Former presidents, Nasir and Gayoom, to be honored on Independence Day

Former presidents Ibrahim Nasir and Maumoon Abdul Gayoom are to receive an honorary shield on the Maldives’ golden jubilee of independence from the British on July 26.

Nasir, who served as the president of the Maldives from 1968 – 1978, is being honored for his role in securing independence for the Maldives. When the independence agreement was signed in 1965, he was prime minister of the Maldives.

Nasir died in exile in Singapore in 2008 at 82 years of age. His body was flown back to Malé where he received a state funeral.

Gayoom, who succeeded Nasir and served as the president from 1978 – 2008, is being honored for his role in maintaining the Maldives’ independence, the president’s office said today. He remains influential in Maldivian politics.

The government is planning to hold grand celebrations to mark the 50th anniversary of independence, including a parade by the army and school bands, reopening public parks with water fountains, and an official function at the Usfasgandu area. More than 100 foreign dignitaries are expected to attend.

The government is yet to disclose the full program for the day. Several areas at Male’s waterfront have meanwhile been closed off as the government rushes to complete major renovation projects including a new official jetty and a musical water fountain at the Republic Square before July 26.

Ibrahim Muaz Ali, the spokesperson at the president’s office, said President Abdulla Yameen had asked for updates on preparations at a cabinet meeting today.

“The President requested his minister’s to use all the government’s resources to hold the Independence Day celebrations,” he said.

A budget of MVR150million (US$9.7million) has been allocated for Independence Day activities.

The Supreme Court, the President’s Office, the foreign ministry, the Malé power plant and other government offices have been decked in lights for July 26. Plastic palms have been set up in some areas. Malé’s streets have also been decked in flags.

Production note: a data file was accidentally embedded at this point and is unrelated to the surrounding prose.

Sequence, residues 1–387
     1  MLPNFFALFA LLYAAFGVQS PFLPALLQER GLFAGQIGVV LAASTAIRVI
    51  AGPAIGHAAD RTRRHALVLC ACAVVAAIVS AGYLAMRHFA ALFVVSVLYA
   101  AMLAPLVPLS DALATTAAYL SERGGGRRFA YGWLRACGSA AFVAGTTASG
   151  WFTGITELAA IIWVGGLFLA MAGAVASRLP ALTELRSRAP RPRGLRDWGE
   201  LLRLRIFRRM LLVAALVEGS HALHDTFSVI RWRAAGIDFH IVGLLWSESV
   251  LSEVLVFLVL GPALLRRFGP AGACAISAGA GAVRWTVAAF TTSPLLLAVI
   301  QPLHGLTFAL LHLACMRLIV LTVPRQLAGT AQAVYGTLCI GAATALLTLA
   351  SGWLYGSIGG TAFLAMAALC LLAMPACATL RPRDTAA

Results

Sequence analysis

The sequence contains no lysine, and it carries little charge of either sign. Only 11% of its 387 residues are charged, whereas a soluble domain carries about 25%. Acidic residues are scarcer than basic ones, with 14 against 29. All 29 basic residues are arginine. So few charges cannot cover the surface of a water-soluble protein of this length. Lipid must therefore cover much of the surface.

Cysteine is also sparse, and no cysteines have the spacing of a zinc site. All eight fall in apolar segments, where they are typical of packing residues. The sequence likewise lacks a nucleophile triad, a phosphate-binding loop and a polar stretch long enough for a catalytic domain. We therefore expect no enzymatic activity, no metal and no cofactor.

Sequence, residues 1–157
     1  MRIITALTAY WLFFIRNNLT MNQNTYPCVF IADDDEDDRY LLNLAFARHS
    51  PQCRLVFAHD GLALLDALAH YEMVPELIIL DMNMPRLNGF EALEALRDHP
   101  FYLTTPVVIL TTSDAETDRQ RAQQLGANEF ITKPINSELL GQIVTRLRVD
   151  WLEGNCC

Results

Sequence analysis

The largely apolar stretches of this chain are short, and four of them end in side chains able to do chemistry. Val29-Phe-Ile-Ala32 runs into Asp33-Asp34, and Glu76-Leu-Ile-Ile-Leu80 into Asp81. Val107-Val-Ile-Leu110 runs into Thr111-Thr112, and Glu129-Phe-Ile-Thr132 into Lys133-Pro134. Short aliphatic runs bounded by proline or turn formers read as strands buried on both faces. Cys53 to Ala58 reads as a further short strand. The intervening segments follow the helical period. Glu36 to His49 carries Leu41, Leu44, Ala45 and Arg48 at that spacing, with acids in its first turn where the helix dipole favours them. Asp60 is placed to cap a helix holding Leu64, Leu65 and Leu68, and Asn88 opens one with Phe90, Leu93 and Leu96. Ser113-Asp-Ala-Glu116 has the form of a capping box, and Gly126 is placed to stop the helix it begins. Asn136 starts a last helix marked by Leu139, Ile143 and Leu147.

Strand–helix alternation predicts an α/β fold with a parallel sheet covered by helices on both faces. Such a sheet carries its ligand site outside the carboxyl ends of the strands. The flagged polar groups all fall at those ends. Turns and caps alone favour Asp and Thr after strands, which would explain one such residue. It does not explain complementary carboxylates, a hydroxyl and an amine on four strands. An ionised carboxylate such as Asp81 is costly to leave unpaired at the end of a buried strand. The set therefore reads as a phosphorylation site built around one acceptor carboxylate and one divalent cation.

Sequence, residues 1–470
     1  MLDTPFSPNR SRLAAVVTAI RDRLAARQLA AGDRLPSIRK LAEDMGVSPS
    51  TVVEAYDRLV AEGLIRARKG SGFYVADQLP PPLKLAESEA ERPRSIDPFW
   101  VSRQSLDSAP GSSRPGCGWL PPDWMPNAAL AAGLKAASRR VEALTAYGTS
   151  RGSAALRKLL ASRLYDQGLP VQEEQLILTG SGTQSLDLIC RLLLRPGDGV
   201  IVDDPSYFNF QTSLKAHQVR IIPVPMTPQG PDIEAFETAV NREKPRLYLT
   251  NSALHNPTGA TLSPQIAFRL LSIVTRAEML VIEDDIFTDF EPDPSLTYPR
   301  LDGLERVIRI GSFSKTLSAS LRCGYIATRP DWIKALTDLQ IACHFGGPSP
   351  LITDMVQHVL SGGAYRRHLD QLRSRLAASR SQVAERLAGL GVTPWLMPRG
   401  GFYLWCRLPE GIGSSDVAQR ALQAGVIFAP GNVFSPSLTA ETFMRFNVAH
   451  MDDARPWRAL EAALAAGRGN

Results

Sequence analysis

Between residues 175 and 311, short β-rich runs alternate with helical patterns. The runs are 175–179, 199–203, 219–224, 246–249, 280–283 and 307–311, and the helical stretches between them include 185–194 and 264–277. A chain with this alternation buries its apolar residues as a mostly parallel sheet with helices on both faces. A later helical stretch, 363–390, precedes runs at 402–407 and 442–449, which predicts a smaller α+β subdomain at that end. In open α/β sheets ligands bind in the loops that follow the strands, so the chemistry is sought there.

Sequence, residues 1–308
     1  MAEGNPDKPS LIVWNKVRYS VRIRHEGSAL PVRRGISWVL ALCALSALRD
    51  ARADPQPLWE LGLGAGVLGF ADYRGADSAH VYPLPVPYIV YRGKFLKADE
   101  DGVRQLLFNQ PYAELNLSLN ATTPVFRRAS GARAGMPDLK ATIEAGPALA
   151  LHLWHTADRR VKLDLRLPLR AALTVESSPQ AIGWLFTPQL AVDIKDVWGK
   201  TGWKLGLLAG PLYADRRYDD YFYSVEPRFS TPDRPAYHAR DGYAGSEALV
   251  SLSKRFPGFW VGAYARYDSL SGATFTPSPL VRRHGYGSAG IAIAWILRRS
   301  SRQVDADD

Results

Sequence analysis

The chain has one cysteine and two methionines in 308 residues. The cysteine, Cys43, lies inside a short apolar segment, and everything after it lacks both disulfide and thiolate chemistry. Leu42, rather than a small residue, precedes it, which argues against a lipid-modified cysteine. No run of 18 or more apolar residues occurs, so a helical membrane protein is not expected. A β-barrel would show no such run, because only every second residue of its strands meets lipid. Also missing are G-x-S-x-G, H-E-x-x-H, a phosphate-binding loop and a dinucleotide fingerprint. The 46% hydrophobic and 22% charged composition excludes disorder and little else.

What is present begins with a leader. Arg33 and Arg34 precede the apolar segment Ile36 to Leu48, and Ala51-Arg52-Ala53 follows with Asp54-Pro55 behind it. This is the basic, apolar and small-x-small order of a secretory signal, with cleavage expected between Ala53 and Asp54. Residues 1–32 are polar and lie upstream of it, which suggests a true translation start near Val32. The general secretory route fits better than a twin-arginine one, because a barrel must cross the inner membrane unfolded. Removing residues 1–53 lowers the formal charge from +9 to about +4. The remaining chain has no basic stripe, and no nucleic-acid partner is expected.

Deputy minister for home affairs Ahmed ‘Maaz’ Saleem, who is in charge of the organizing the activities, told the press previously that a three-hour play will take place at the national stadium from 9pm to 12pm on the night of July 27.

The play will show different stages of Maldivian history from the Buddhist-era to the present and depict the sacrifices of national heroes to maintain the country’s independence. It will also feature video projections.

The Minivan 50 or independence 50 office has awarded a contract to a British company called The Projection Studio to manage sound, light and projection at the official celebrations.

Some 15 Maldivians have meanwhile undergone a 15-day training session in Addu City for a skydiving event on the night on June 27.

The skydivers will land at the national stadium using special parachutes manufactured with the national flag. The second part of the skydiving training is due to start in Malé today with Malaysian trainers.